ragwort stem borer moth

(Papaipema insulidens)

ragwort stem borer moth
Photo by Alfredo Colon
  Hodges #

9488

 
 
Conservation Status
  IUCN Red List

LC - Least Concern

     
  NatureServe

N4 - Apparently Secure

SNR - Unranked

     
  Minnesota

not listed

     
           
 
Description
 
 

Ragwort stem borer moth is a mid-sized owlet moth. There are two unconnected populations in North America. The eastern population extends from Maine to Minnesota south to North Carolina and Nebraska and includes adjacent Canadian provinces. The western population is in British Columbia, Washington, Oregon, and Idaho. The species is common within its range, uncommon in Minnesota where it is at the northwest extent of the range of the eastern population. It is found in the late summer and fall mostly in wetlands and alongside rivers and streams, but also in forests, open areas, and disturbed sites.

Adults are 11 16 (18 mm) long and have a wingspan of 1¼ to 17 16 (32 to 37 mm). The forewing is to ¾ (16 to 20 mm) long, broadly triangular, and slightly hooked at the tip. Dark areas transition smoothly (grade) into adjacent light areas. The dark areas reddish-orange, the light areas are yellow or cream-colored. The ground color is mostly reddish-orange. The basal area, the wing tip, the basal half of the inner margin, and a narrow patch on the leading (costal) margin are pale. The subterminal area is purplish-gray. The antemedial (AM) line is indistinct. The median line is reddish-brown to dark brown and undulating. The postmedial (PM) line is dark brown, smooth, and broadly curved. The terminal line is dark reddish-brown and thin. The fringe is dark purplish-gray. There is a circular spot in the median area (orbicular spot), a circular spot between the orbicular spot and the inner margin (claviform spot), and a kidney-shaped spot at the end of the discal cell (reniform spot). The orbicular spot is white with a thin, dark reddish-brown outline and a dark spot in the center. The claviform spot is large and white but broken into three small spots with dark brown outlines. The reniform spot is white with a thin, dark reddish-brown outline, a yellow to reddish-brown crescent in the center, and dark reddish-brown veins. The hindwings are light yellowish-gray tinged with reddish and gray.

The antennae are slender and thread-like on the female, bead-like on the male.

 
     
 

Size

 
 

Total Length: 11 16 (18 mm)

Wingspan: 1¼ to 17 16 (32 to 37 mm)

 
     
 

Similar Species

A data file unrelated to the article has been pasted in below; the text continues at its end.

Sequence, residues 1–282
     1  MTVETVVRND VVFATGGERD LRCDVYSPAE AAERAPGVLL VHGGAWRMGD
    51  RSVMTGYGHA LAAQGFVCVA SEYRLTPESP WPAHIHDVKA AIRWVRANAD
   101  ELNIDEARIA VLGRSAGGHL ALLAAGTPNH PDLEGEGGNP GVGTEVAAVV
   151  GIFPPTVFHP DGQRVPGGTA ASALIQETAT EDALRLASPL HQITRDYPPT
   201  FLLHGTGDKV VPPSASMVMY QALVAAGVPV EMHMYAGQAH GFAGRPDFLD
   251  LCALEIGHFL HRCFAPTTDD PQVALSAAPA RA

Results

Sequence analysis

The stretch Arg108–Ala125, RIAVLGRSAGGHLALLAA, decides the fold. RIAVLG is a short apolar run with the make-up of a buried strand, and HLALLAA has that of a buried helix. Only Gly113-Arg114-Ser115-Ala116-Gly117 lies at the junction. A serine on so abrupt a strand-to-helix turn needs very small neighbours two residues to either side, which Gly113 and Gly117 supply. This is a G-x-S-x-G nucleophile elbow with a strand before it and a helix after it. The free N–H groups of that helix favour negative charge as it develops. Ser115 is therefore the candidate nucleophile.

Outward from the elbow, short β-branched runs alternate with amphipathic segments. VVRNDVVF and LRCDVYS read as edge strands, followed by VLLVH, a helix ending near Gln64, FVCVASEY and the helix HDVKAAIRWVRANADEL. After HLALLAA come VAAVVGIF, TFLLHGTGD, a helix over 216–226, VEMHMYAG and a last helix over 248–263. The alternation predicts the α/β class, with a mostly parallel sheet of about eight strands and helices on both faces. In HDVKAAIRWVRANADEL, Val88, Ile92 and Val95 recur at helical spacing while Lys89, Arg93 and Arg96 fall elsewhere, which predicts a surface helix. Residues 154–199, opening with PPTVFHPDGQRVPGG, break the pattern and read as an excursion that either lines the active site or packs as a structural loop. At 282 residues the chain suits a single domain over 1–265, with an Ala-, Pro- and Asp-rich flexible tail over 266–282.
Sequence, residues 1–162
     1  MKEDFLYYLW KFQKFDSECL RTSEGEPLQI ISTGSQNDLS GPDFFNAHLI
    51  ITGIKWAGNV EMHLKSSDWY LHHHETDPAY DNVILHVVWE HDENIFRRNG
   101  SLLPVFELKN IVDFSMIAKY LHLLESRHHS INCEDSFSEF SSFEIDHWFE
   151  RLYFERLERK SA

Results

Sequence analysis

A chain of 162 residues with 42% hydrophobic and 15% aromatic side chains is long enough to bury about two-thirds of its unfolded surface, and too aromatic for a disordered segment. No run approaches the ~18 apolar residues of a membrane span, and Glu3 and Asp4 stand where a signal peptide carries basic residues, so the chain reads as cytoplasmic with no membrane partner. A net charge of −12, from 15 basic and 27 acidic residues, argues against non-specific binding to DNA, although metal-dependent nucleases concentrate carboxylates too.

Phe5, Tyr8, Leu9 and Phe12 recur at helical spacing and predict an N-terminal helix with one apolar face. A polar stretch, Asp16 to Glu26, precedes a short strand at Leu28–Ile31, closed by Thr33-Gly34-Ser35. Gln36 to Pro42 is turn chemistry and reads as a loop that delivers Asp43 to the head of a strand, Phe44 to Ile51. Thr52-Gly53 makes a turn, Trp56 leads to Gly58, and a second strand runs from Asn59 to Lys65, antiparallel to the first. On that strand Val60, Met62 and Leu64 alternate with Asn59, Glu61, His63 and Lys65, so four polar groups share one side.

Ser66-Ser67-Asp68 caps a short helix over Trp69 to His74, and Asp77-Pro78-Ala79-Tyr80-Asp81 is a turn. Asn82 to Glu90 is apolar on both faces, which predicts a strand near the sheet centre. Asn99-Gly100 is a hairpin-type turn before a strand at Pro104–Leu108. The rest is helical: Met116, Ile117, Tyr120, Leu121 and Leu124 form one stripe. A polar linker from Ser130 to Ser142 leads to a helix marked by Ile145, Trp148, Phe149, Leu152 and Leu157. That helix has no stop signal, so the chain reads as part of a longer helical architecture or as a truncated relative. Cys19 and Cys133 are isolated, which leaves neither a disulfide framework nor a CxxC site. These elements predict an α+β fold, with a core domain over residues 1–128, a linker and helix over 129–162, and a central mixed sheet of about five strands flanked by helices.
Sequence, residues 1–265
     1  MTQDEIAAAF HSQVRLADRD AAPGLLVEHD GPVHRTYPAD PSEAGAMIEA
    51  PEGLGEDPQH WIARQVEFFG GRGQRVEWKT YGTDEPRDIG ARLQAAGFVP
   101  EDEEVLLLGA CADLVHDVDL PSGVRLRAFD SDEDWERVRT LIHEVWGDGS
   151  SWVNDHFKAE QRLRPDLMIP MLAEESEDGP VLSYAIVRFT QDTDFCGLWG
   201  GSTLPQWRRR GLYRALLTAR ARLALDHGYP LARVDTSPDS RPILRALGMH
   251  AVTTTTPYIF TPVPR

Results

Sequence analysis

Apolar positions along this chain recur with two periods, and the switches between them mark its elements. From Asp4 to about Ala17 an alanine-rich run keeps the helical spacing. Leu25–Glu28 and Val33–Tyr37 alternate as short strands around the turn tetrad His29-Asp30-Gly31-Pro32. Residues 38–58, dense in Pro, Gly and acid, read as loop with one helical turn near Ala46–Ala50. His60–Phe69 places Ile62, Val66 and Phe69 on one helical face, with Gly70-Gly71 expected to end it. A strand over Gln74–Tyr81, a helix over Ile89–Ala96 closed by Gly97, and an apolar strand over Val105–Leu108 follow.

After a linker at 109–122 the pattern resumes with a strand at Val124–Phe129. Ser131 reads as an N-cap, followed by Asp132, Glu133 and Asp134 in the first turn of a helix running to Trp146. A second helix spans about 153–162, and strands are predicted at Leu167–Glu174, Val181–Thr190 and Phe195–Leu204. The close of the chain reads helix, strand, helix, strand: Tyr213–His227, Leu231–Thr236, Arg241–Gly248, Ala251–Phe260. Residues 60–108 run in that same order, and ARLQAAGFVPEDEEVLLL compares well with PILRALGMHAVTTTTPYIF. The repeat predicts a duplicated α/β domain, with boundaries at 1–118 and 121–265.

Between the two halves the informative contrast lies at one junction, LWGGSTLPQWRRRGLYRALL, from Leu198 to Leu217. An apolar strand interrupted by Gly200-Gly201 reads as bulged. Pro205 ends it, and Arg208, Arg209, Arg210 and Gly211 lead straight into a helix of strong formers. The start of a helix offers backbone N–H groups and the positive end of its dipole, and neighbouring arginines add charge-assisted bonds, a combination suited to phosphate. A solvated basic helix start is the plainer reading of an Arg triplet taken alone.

Habitat
 
 

Wetlands, riparian areas, forests, open areas

 
     
 
Biology
 
 

Season

 
 

Late summer and fall

 
     
 

Behavior

 
 

Adults are active at night and will come to lights, but they do not wander far from wetlands.

Caterpillars bore into the roots, underground stems (rhizomes), and aerial stems of host plants and are rarely seen.

 
     
 

Life Cycle

 
 

The eggs are laid in the fall and hatch in the spring. The larvae pupate in the summer and emerge as adults in late summer.

 
     
 

Larva Hosts

 
 

Various plants in the Apiaceae (carrot) family, including spotted water hemlock, purplestem angelica, and hemlock water-parsnip.

 
     
 

Adult Food

 
 

 

 
     
 
Distribution
 
 

Distribution Map

 

Sources

21, 24, 29, 30, 71, 75.

 
  12/9/2019      
         
 

Occurrence

 
 

Common

This species is much less common than its host plants.

 
         
 
Taxonomy
 
 

Order

Lepidoptera (butterflies and moths)  
 

Suborder

Glossata  
 

Infraorder

Neolepidoptera  
  Parvorder Heteroneura  
  No Rank Ditrysia  
  No Rank Obtectomera  
 

Superfamily

Noctuoidea (noctuid moths)  
 

Family

Noctuidae (owlet moths)  
 

Subfamily

Amphipyrinae/Hadeninae/Noctuinae  
 

Tribe

Apameini  
 

Genus

Papaipema  
       
 

There have been three major revisions of the family Noctuidae since 2006, each placing the genus Papaipema in a different subfamily, Amphipyrinae, Hadeninae, and Noctuinae. All three subfamilies are used for this genus by various authors.

This species was classified as Hydroecia insulidens when it was first described in 1902. The name was changed in 1908 to Gortyna birdi and in 1920 to Papaipema pertincta. In 2015 Papaipema pertincta was given the status of synonym of Papaipema insulidens. Another synonym is Papaipema birdi.

 
       
 

Synonyms

 
 

Gortyna birdi

Papaipema birdi

Papaipema pertincta

 
       
 

Common Names

 
 

ragwort stem borer moth

umbellifer borer moth

 
     
  The common name refers to this species being found on tansy ragwort in the Northwest.  
       

 

 

 

 

 

 

Glossary

Antemedial (AM) line

A thin line separating the basal area and the median area of the forewing of Lepidoptera.

 

Costal margin

The leading edge of the forewing of insects.

 

Orbicular spot

A circular spot or outline in the outer median area on the forewing of many moths.

 

Postmedial (PM) line

A thin line separating the median area and the postmedial area of the forewing of Lepidoptera.

 

Reniform spot

A kidney-shaped spot or outline in the outer median area on the forewing of many moths.

 

Rhizome

A horizontal, usually underground stem. It serves as a reproductive structure, producing roots below and shoots above at the nodes.

 

 

 

 

 

       
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Alfredo Colon
       
  ragwort stem borer moth    
       
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Alfredo Colon
Summer 2018

Location: Woodbury, Minnesota

ragwort stem borer moth


     
     
 
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Created: 12/9/2019

Last Updated:

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